Removing anxieties

I’ve been paralyzed by my anxieties lately. The current state of the economy has been the root of these anxieties; it touches everything from our schools to our little local recreational summer swim club, which are what what concerns me locally. What also worries me is everything from the future being laid for my children to the stresses of today that my parents have to wrestle with in what is supposed to be the relaxing twilight of their days.

I know I bring a lot of this on myself. Like an ambulance chaser I can not keep myself away from Internet sites that spell out the hidden catastrophes that lurk around every corner, how the green shoots of the present recovery are an administration’s cheer-leading in the face of a jobless recovery. Jobless recovery? How do people recover in a capitalist society without a job? I don’t get it.

I make it worse through the volunteer work that I do. I’ve been fortunate enough to pick up steady work from one of the clients I have had for years, and thankfully the work I do for them allows me to continue with much of the volunteer work that I had been doing before. Though I wonder how thankful I should be for that flexibility. For my personality it might be better for me to have to give up all of the volunteer duties.

I’ve limited my volunteer obligations to being President of our elementary school’s PTA, and as co-Director of our little local recreational summer swim club’s swim team.

Recently the office manager of the elementary school asked me if I was enjoying being the PTA President, and if it was hard. I have actually enjoyed the role, and it has been hard, but not for the reasons that I expected or she thought. What has been hardest about being involved with the PTA has been my exposure to the workings on what I like to refer to the other side of the fence.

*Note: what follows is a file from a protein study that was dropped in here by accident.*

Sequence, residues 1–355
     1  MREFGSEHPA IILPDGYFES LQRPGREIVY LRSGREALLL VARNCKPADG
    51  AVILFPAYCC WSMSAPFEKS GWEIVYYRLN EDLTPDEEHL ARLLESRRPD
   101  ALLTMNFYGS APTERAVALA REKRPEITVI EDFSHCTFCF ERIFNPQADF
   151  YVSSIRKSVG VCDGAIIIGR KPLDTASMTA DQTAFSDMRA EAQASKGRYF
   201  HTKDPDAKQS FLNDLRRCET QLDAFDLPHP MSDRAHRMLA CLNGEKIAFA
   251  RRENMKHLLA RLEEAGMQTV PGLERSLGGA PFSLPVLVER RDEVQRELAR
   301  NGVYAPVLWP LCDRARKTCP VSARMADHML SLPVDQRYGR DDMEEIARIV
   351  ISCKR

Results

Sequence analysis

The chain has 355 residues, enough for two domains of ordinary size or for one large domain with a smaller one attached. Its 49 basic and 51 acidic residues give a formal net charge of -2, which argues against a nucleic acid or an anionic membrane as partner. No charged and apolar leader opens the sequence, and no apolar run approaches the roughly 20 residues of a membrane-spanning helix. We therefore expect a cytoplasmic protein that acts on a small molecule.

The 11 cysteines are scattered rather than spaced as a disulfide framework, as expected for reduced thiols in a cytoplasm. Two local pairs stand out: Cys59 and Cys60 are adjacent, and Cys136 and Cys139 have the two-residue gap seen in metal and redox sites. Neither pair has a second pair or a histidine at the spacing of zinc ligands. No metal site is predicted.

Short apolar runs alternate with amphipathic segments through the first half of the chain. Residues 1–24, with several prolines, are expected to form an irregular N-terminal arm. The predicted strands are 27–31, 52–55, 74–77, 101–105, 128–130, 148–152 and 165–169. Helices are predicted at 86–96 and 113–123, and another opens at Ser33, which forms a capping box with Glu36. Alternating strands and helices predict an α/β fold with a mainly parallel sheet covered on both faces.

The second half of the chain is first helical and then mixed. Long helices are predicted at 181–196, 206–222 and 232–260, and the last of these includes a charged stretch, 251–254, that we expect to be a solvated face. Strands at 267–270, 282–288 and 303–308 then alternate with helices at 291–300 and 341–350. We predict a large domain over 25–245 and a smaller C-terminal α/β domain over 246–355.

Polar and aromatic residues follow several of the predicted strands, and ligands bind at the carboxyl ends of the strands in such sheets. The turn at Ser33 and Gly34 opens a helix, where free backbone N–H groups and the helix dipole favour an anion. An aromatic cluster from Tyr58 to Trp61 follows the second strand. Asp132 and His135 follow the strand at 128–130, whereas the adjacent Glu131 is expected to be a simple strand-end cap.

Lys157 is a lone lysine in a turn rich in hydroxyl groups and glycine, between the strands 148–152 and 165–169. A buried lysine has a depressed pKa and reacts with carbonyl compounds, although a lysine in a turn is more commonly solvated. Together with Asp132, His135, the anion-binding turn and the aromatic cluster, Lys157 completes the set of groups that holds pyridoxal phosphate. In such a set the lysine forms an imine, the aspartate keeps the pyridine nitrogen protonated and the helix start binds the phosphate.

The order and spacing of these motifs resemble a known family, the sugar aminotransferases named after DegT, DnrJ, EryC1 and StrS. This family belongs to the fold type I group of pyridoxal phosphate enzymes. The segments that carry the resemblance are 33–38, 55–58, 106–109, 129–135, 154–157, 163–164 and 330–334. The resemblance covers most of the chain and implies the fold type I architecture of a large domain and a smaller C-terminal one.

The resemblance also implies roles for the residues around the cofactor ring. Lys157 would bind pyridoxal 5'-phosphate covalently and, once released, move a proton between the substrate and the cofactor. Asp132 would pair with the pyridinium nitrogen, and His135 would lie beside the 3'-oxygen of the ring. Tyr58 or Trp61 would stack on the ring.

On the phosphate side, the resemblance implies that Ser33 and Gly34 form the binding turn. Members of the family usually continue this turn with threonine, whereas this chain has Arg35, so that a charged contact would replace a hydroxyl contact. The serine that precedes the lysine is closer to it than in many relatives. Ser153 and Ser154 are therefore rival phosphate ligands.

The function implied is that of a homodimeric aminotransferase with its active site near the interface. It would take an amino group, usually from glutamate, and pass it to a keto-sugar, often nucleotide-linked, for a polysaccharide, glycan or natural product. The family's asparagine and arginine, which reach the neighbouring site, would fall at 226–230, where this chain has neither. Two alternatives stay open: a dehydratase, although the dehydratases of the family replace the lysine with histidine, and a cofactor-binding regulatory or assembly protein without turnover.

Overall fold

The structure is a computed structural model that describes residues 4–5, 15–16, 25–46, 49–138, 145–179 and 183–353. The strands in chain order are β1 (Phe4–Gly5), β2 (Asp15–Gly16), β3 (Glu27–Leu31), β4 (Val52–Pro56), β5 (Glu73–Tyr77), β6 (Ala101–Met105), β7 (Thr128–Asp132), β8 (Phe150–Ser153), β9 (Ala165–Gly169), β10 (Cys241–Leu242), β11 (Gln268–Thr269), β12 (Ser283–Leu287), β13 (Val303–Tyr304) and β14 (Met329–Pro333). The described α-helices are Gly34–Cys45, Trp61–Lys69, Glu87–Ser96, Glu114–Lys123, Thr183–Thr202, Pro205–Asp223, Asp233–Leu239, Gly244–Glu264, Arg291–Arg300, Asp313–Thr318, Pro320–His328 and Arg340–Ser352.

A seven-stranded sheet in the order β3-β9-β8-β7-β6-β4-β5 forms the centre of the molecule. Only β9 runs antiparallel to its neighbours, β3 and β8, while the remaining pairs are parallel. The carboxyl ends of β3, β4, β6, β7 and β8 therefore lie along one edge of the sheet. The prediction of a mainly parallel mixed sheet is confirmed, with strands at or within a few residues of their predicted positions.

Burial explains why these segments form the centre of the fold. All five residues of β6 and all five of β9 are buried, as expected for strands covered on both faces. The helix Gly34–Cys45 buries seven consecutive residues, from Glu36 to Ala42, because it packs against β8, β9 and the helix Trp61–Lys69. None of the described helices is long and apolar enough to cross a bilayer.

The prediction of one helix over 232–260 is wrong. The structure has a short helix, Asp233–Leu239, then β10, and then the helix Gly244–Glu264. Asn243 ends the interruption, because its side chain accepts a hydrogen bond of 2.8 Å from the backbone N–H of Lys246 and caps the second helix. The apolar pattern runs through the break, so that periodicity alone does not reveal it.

When my oldest first started elementary school I was a parent like many other who was not intimately involved with the school. I dropped my son off at school and I picked him up after. I spoke with the teacher. I had my opinion about what I thought was going on with my child, which was solely based on the work he brought home from school, and the few short conversations I had with his teacher after school.

As my children continued with school I became more involved and began to learn more about what decisions were made to keep the school operating, and in what circumstance those decision were being made.

Now with the PTA I’ve seen budgets for the school, and the district, and understand how much money we get from the State, and where the State plans on getting that money, and how much money we didn’t have for this school year, and how little money our school will get for the next school year, and I’ve found myself getting really depressed.

As my wife noted tonight, I do have a knack for being somewhat reactionary about these kinds of things when I first open my eyes to them. At this juncture, however, I’m nervous about how we are going to get around the soon to happen financial catastrophe. Yes, catastrophe.